s non-conformity he was cited to appear before Archbishop Laud, when he fled to America, arriving in Boston in September, 1633.
He was soon afterwards ordained a colleague with Mr. Wilson in the Boston Church.
His ministry there for nineteen years was so influential that he has been called The patriarch of New England.
He was a firm opponent of Roger Williams, and defended the authority of ministers and magistrates.
He and Davenport were invited to assist in the assembly of divines at Westminster, but were dissuaded from going by Hooker.
He died in Boston, Dec. 23, 1652.
God's promise to his plantations.— The following sermon, to which a large historical importance has been given, was preached in England, as a farewell address to Winthrop's Massachusetts Company (see Winthrop, John), and the first London edition of it was published in 1630:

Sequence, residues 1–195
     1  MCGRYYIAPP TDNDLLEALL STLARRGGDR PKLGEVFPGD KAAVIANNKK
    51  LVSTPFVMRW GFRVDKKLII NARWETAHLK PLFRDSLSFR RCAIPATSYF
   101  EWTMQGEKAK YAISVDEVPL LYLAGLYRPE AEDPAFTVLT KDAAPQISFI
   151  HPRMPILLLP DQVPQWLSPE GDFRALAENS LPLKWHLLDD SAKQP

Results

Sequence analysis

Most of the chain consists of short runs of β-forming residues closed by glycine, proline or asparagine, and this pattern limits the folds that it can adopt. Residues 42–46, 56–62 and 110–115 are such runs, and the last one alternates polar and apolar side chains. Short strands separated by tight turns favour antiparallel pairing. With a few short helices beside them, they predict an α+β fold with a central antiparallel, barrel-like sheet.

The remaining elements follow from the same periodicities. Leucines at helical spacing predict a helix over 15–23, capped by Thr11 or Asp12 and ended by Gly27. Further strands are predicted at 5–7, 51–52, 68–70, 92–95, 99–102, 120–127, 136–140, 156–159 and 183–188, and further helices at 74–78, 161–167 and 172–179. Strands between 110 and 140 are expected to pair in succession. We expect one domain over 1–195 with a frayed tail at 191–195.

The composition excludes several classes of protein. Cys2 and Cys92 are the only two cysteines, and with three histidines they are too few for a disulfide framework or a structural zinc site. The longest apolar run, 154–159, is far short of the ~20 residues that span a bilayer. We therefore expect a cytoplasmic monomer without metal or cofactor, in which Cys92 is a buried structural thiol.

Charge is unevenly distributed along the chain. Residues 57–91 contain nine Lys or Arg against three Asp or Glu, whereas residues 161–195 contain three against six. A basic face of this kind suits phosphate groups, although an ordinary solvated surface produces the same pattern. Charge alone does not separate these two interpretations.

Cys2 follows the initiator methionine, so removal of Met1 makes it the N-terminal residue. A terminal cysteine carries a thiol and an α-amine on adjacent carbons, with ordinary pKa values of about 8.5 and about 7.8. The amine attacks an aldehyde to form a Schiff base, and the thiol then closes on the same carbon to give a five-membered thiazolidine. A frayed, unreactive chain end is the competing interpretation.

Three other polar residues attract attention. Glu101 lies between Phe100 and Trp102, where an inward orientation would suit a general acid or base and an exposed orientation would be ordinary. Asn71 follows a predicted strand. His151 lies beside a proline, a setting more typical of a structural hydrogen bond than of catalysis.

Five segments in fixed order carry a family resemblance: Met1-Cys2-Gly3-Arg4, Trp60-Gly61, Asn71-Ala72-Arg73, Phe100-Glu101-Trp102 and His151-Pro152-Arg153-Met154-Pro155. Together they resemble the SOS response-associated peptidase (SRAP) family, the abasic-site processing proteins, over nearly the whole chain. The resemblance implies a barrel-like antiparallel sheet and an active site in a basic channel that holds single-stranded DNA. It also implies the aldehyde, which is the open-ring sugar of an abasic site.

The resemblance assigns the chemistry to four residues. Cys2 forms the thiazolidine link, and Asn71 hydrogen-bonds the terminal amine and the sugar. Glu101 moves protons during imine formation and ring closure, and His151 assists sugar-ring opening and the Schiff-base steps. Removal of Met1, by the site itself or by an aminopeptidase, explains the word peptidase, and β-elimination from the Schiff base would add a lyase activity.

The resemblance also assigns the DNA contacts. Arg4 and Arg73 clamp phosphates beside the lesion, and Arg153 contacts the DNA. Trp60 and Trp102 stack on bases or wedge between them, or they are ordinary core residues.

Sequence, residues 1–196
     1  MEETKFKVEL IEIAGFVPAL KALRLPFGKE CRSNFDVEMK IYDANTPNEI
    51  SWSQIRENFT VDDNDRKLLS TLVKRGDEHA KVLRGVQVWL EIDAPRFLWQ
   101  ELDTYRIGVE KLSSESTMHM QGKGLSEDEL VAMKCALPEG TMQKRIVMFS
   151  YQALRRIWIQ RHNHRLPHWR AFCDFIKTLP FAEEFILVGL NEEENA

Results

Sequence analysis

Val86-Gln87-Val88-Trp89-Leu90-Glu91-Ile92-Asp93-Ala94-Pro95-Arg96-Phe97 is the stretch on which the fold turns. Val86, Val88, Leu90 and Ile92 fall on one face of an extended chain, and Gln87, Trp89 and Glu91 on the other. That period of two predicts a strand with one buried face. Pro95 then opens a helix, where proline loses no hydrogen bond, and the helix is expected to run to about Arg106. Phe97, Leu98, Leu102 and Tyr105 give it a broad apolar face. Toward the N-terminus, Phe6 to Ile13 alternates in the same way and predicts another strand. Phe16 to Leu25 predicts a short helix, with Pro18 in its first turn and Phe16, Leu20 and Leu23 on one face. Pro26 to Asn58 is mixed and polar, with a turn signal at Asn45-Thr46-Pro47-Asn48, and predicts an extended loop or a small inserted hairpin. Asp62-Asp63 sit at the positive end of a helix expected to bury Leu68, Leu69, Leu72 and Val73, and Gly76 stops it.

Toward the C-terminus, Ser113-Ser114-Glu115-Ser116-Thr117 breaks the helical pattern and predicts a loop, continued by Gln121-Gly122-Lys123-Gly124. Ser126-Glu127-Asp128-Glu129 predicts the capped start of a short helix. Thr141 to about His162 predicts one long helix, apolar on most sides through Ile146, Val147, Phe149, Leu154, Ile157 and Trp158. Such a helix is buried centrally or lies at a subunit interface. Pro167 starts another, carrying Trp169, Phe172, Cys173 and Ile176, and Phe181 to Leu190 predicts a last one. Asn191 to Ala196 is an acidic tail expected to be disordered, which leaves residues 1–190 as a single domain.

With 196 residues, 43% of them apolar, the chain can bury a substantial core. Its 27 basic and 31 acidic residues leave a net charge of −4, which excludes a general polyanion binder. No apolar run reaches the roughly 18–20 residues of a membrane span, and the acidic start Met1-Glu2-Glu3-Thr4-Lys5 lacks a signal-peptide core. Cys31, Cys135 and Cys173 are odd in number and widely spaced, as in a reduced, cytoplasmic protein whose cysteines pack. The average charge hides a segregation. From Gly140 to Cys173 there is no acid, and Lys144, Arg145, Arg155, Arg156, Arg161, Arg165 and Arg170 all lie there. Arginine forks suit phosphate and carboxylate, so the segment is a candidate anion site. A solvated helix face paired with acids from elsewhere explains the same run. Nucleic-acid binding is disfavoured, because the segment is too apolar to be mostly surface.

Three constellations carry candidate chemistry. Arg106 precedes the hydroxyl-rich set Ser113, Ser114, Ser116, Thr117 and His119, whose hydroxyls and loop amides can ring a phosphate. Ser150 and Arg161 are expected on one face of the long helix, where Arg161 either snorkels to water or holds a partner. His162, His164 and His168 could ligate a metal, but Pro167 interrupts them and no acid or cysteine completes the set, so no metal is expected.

2 Sam. 7. 10. Moreover I will appoint a place for my people Israell, and I will plant them, that they may dwell in a place of their